Ron Dabney

June 17, 2017 | By | Add a Comment

At the top of Oh Broadway, My Broadway, his new show at the Metropolitan Room, Ron Dabney promised that he was going to give us new takes on songs from the Great White Way. To be honest, the songs were not exclusively Broadway and the arrangements did not stray all that far from the traditional. But the show did offer an opportunity to appreciate his rich sound and obvious delight in performing.

His creamy, burnished low notes prove to be both a blessing and a curse. A blessing because at their best they recall the iconic vocals of Joe Williams and Sarah Vaughan. A curse because the singer seems so enamored of them that he rarely strayed away from them, resulting in a repetition of sound that became a bit numbing. Phrasing and time were sacrificed again and again for the sake of sustained, sonorous sounds. For example, in Rodgers and Hammerstein’s “I Have Dreamed,” when he sang “…how you look in the glow of evening,” he held the word “of”—perhaps the least important word in the whole phrase. Imagine a violinist bringing a Stradivarius onto the stage but then just holding it up for us to look at and admire the beauty of the instrument rather than using it to investigate the material, and ultimately reveal himself. Lyric imprecision was another frequent problem.

The show opened with a bright and inviting intro by the very talented Barry Levitt Jazz Ensemble, but rather than sustaining the high energy of that music, the Dabney’s first number was a drum-heavy and drawn-out ballad take on the Gershwins’ “Embraceable You.” This version, as is, might have been effective later in the show, but it felt as if all of sudden the show had gone into slow motion before it had even begun. “Lazy Afternoon” (Jerome Moross, John Latouche) seemed focused on its complex arrangement, when it would have been much more successful if it had focused on Dabney’s dreamy vocals. “I Got It Bad (and That Ain’t Good)” (Duke Ellington, Paul Francis Webster) was so oversung and anchored to the bottom of his sound that at times the melody was lost.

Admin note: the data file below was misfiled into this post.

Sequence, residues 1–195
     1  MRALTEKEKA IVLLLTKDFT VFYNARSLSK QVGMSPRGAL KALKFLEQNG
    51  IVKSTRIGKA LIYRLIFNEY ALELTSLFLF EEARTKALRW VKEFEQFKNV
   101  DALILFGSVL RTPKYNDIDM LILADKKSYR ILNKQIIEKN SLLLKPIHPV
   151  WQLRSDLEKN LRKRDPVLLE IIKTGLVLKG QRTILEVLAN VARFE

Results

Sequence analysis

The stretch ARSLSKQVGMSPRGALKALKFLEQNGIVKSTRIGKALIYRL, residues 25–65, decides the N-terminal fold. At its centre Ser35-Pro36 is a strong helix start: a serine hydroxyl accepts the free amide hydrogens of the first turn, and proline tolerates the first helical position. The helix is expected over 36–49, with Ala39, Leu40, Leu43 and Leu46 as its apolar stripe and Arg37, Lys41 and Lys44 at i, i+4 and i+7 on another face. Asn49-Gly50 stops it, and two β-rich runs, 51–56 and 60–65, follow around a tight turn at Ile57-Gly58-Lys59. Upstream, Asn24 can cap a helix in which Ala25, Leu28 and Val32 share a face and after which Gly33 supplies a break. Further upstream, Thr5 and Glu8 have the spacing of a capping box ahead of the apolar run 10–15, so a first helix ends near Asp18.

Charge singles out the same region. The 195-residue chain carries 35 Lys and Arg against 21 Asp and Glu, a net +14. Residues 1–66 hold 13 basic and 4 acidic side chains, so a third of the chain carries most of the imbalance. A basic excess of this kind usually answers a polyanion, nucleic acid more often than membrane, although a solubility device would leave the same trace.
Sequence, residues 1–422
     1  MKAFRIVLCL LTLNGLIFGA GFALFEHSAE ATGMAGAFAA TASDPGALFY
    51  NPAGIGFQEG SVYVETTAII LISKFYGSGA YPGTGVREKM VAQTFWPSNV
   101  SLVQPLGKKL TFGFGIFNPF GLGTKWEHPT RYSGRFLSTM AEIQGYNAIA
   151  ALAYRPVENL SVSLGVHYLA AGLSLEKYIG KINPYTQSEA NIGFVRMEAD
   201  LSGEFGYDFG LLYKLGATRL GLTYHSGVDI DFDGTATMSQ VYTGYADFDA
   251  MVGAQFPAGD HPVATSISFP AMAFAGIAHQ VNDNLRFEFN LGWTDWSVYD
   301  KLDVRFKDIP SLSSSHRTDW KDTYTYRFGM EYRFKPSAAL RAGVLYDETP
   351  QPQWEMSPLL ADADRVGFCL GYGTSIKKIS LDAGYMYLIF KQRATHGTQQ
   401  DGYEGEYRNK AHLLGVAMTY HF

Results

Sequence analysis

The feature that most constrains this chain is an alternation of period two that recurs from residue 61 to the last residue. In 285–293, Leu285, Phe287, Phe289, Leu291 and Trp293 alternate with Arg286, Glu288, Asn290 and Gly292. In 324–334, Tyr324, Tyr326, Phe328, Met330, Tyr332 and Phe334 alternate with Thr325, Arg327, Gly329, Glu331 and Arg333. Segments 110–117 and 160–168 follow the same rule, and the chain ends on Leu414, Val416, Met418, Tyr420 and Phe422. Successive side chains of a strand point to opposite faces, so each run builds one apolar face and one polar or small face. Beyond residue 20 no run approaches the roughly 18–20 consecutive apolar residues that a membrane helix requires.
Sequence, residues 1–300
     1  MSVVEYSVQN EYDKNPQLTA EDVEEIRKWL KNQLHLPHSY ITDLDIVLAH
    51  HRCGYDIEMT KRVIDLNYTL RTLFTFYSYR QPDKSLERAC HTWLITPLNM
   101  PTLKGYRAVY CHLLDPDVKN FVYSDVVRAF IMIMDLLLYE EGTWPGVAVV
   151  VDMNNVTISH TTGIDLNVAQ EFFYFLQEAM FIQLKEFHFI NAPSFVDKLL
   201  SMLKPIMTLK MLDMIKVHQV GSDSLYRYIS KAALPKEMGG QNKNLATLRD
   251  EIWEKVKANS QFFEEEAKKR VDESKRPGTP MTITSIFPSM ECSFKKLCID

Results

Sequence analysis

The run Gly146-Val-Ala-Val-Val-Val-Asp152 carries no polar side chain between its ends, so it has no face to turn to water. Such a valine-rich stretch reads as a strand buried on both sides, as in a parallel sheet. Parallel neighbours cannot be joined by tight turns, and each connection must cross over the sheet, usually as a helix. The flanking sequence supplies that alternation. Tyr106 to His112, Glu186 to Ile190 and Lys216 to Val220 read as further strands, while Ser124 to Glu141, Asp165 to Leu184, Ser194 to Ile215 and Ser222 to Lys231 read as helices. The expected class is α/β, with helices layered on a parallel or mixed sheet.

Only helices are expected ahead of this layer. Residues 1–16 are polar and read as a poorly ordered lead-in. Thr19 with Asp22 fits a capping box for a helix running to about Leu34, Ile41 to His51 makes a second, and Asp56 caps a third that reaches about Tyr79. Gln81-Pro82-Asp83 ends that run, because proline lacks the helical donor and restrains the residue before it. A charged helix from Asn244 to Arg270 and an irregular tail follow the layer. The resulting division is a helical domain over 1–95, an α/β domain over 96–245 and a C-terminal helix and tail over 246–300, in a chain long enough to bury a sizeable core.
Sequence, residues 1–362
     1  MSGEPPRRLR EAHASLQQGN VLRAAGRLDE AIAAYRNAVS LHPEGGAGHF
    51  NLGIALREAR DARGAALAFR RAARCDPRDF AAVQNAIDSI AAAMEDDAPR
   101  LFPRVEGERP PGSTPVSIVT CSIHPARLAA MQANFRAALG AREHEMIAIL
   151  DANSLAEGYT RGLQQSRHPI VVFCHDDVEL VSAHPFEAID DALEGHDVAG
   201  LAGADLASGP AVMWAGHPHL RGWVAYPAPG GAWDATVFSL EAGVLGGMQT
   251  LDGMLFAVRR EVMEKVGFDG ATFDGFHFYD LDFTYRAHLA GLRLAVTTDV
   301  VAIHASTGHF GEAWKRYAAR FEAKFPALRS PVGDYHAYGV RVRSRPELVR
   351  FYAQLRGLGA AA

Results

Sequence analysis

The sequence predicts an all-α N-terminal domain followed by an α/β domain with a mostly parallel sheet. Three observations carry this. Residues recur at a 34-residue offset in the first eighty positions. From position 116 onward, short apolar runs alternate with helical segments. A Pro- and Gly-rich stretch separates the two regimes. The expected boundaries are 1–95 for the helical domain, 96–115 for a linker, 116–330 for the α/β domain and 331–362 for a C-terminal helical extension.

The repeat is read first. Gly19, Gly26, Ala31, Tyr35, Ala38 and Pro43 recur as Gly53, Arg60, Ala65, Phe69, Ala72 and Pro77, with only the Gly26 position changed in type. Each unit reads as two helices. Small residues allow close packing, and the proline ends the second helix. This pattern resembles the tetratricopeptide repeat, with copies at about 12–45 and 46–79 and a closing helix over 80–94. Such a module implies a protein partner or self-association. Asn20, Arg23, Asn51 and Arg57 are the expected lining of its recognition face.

An overdue uptempo song, “Do It Again” (the Gershwins), provided a welcome bit of buoyancy and revealed a lighter sound to the vocals. A special appearance by countertenor Derek Lee Ragin on two numbers proved unfortunate, not only because the disparate voices did not blend well, but also because it diluted what were two of Dabney’s best vocal performances. In the ballad-heavy show, Sondheim’s “Send In the Clowns” was, perhaps, inevitable. It seemed as if Dabney were singing just the lower notes of Sarah Vaughan’s classic version without the balancing upper register.

Dabney revealed the beauty and power of his voice in the first number. I wanted the rest of the show to take me somewhere else rather than just reiterate that one revelation. If he loosens up and concentrates on storytelling a bit more, and brings some of the easygoing warmth and likeability of his patter into his singing, he has the potential to be one of cabaret’s major voices.

Oh Broadway, My Broadway
Metropolitan Room – May 31

Category: Reviews

About the Author ()

Gerry Geddes has directed many cabaret artists, among them Darius de Haas, Andre de Shields, and Helen Baldassare. He's created several musical revues, including the Bistro- and MAC Award-winning "Monday in the Dark with George," and he has produced two Bistro Award-winning CDs. His most recent theatre credit is directing "Hamlet" at the ArcLight Theatre with Australian actor/writer Matthew Newton. He's taught vocal performance at The New School, NYU, and London's Goldsmith College, and conducted private workshops and master classes. As a writer and critic, he covered New York's theatre and cabaret scene for over twenty years for various local publications, and for nearly ten years, he co-wrote a national entertainment column. His lyrics have been sung by several cabaret artists, and he's currently at work on a memoir of his life in the city.

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